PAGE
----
It’s been a bad week when I’m happy to get back to a not-great day.
I did some more work getting everything back in order today, then got back to work. I know what I need to do; all there is is to do it …. But first, we had a nice dinner to celebrate my daughter’s successful advancement to first grade. It was a kindergarten graduation, of sorts. Too good.
Vampires Versus Comicon
It turns out that I’m further along with this than I thought I was. Though the chapter progress bar in the sidebar shows only a minority of chapters complete, the plot is almost entirely in place and complete. At least, it is as long as it doesn’t change. And it always changes. Not to worry, though. The more the book is done, the less there is to change. Except … today I had some ideas to make things a little more complicated and a bit funnier. They seem like good ideas, but they might involve changing things I’ve already done, and that opens up a can of worms.
Today, though, I spent some time writing the final fight scenes. It’s not certain the book will end up there, but it feels right, and it’s what my brain wanted to work on today.
Overall, I didn’t get nearly as much work done as I need to every day, but it was great to be moving forward at all.
I haven’t posted here in over eight days. And, my website said “Scheduled Maintenance” for a solid week. A little explanation may be in order.
In ramping up to my current challenge and looking ahead to the future, I realized two weeks ago that I want to keep my writing business simple, efficient, and focused on the production of new books. Early last week, I became fixated on the demands my website arrangement placed on my money, time, and most of all attention, for results that seemed debatable at best. Not for the first time, I found myself thinking of adopting a static website, generated by Jekyll or Hugo or Nikola, and it seemed that I could embrace maximum simplicity, efficiency, and focus with a simple switch to one of those generators. I identified my options and weighted my values among them, and it seemed that a static website was the clear winner.
So, in the middle of last week, I began to make the switch. I thought it would take me a day to change over, and two or three to get everything slick. After all, I used to code this site by hand, and I still make my own tools for making ebooks. How hard could it be?
That was a mistake.
Taking down the old website was easy, a couple hours, but I massively underestimated the time to create the new. Every time I answered a question, two more popped up. Success kept feeling like it was imminent, but it wasn’t. Day by day, a week went by.
The static website generators are not impossibly complicated, but they are different, and they require some learning, not hours, as I originally thought, but days. At least. What’s more, the code that I used to use to generate my static content has suffered terribly from bit rot, and though I could certainly get it running again, it would take days, at a minimum.
And you know what I’m not doing when I’m coding templates and generators? Of course you do.
What kept me going was the idea that I was creating something significantly better, and that giving up would make the whole thing a waste. What finally made me stop and go back to WordPress was the realization that my experience trying to change proved that the benefits of simplicity, flexibility, and freedom lay with WordPress. If the object is to have a website system that my daughter and wife can help me with—and it is—then the best answer, right now and maybe forever, is WordPress, not a static site generator.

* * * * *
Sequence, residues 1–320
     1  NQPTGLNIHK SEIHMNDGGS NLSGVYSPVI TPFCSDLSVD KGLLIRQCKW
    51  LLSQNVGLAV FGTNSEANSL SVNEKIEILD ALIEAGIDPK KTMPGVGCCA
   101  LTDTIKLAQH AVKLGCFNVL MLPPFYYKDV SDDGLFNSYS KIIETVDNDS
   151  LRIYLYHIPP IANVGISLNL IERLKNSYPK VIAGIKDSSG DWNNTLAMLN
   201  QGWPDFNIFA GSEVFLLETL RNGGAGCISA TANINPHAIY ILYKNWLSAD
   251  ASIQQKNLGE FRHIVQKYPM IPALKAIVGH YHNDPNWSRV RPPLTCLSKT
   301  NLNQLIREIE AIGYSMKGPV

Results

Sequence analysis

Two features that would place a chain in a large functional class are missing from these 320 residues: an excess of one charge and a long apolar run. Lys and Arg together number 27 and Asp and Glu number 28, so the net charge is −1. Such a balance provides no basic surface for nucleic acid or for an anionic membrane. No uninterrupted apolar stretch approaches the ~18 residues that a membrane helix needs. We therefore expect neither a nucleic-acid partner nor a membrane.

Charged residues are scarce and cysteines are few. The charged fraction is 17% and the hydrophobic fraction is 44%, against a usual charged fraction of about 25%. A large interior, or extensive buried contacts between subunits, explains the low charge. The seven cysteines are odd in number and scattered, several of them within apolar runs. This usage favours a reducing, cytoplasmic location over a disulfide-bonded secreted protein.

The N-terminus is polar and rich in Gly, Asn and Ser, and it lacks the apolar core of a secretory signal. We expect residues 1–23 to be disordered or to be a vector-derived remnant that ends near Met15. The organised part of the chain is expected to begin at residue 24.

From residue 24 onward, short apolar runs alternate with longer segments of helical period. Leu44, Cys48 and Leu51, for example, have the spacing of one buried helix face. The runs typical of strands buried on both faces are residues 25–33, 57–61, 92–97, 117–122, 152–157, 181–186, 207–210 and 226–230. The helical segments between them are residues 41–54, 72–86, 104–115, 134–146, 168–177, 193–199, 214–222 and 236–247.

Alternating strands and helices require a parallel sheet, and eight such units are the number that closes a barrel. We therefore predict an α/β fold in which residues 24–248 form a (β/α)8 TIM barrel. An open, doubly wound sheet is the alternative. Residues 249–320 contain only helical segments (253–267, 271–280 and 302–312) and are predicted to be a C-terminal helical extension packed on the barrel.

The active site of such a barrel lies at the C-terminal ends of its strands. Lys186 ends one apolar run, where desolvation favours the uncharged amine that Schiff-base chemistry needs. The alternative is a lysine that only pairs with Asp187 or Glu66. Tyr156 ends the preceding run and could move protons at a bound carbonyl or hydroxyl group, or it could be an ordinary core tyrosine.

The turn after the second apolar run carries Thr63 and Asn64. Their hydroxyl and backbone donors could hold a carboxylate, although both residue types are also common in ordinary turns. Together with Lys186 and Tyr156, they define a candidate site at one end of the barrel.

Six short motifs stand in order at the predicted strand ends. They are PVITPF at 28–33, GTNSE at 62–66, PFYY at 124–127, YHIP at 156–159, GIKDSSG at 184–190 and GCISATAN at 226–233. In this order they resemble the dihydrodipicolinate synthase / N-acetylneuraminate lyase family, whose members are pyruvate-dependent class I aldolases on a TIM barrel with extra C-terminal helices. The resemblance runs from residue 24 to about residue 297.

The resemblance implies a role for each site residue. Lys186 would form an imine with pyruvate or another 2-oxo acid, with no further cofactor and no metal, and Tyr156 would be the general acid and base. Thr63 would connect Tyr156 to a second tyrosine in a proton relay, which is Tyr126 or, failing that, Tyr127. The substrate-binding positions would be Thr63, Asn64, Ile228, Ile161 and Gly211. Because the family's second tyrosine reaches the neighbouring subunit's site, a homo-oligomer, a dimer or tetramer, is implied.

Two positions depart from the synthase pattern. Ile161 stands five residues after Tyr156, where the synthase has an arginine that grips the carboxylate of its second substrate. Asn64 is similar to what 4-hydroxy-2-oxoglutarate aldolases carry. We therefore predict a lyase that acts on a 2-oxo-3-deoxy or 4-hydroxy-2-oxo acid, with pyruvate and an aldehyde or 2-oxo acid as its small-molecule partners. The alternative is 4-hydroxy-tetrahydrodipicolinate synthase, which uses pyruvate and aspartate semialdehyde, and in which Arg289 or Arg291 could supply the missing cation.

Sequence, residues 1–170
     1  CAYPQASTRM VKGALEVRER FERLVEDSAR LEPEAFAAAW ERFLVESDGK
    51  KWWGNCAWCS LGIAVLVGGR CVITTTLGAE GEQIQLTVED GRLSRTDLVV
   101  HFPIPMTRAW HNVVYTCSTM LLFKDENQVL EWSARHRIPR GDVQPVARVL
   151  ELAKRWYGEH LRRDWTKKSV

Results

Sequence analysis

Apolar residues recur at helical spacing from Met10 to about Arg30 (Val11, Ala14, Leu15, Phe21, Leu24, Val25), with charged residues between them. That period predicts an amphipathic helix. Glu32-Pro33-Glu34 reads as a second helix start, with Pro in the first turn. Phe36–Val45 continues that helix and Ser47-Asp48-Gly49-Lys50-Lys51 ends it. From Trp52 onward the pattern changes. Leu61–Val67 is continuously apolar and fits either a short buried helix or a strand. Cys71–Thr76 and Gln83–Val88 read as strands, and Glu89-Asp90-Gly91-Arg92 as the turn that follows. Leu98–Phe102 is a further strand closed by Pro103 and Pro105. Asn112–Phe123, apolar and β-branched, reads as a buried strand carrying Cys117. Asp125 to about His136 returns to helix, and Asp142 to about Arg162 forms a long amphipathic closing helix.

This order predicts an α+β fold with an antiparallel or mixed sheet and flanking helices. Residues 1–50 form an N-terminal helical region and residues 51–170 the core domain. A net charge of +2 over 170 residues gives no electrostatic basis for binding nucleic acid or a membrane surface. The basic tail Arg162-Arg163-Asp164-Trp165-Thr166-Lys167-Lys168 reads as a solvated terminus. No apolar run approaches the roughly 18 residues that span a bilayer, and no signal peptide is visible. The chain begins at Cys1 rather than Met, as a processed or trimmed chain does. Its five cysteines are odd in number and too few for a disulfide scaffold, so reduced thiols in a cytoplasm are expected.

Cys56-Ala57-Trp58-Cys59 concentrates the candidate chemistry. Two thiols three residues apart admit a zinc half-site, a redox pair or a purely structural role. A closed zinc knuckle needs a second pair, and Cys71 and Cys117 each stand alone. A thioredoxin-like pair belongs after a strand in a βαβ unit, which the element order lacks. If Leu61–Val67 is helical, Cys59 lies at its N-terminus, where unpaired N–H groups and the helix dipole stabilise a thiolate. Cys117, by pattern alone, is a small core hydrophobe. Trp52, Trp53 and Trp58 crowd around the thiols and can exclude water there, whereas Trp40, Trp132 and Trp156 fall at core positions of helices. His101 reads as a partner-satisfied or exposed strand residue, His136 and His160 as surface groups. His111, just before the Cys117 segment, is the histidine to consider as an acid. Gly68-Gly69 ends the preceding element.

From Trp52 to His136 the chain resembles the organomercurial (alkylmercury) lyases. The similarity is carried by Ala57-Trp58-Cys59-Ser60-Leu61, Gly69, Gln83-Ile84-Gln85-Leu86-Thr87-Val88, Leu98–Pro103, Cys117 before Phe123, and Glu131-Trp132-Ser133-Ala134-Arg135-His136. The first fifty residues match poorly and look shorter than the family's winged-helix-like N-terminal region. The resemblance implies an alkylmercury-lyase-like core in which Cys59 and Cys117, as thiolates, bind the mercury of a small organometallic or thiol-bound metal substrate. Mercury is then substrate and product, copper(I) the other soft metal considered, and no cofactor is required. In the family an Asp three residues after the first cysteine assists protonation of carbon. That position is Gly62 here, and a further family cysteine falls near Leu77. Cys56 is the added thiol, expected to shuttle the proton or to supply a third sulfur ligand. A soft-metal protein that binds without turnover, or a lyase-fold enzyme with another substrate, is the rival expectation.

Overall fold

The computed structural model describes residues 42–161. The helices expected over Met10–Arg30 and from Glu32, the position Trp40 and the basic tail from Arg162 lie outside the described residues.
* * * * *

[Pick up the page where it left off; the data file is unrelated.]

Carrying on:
Soon after midnight on Thursday, I began the change back. Though I had completely taken the site down, I estimated that it would take me only a couple hours to restore from backup. About fifteen hours later, I had most everything back in place.
The past week was a terrible mistake, but at least I learned something important about myself: Though I used to code websites by hand, and I happily made generators for creating website parts, I don’t want to do that again. Not ever.
I want to make books. And some other creative works.
But not website code. Never again. I am done.
So, thank Matt for WordPress. And everyone else who contributed to it and made the plugins and themes I use.
Meanwhile, About Those Deadlines …
I’d like to say that at least I kept my writing production on track, but I didn’t. And the Universe did not grant me an extension on the events that form my hard deadline.
So, I am way behind, much behinder than before.
I have adjusted my goals. They are more difficult, but nowhere near impossible, and still not the highest levels I’ve produced.
I need only to stay focused and work my plan.
Friday morning I begin again. With new wisdom about myself.
My productive hours were good, but I always wish they were better. What really occupied my time was trying to get a handle on my daughter’s transition to first grade, which was a little rough today, and sucked up a lot of my time and attention.
Every once in a while, I look around and think, how did I get here?
Late night, tired morning. Need to fix that. It was my daughter’s first day of half kindergarten, half first grade. I got a lot of good work (I think) in during the day, then spent well over two hours helping her with the new homework, which was weird. Then, after dinner and bedtime, I got some more work in.
There are so many interesting and cool things to do in the world. It’s easy to get caught up and off track with fun possibilities. I spent quite some time today realizing the fun, complicated, time-consuming mess I’ve made of my website. I’ve been spending time lately thinking about how to best structure my publishing business to optimize its portability and such. Today, not for the first time, I moved toward simplifying things again. A person could argue that it isn’t the best use of my time, but I would argue that it is critical to get the framework right before my newest rush of work gets out. It will be much more work to make changes later.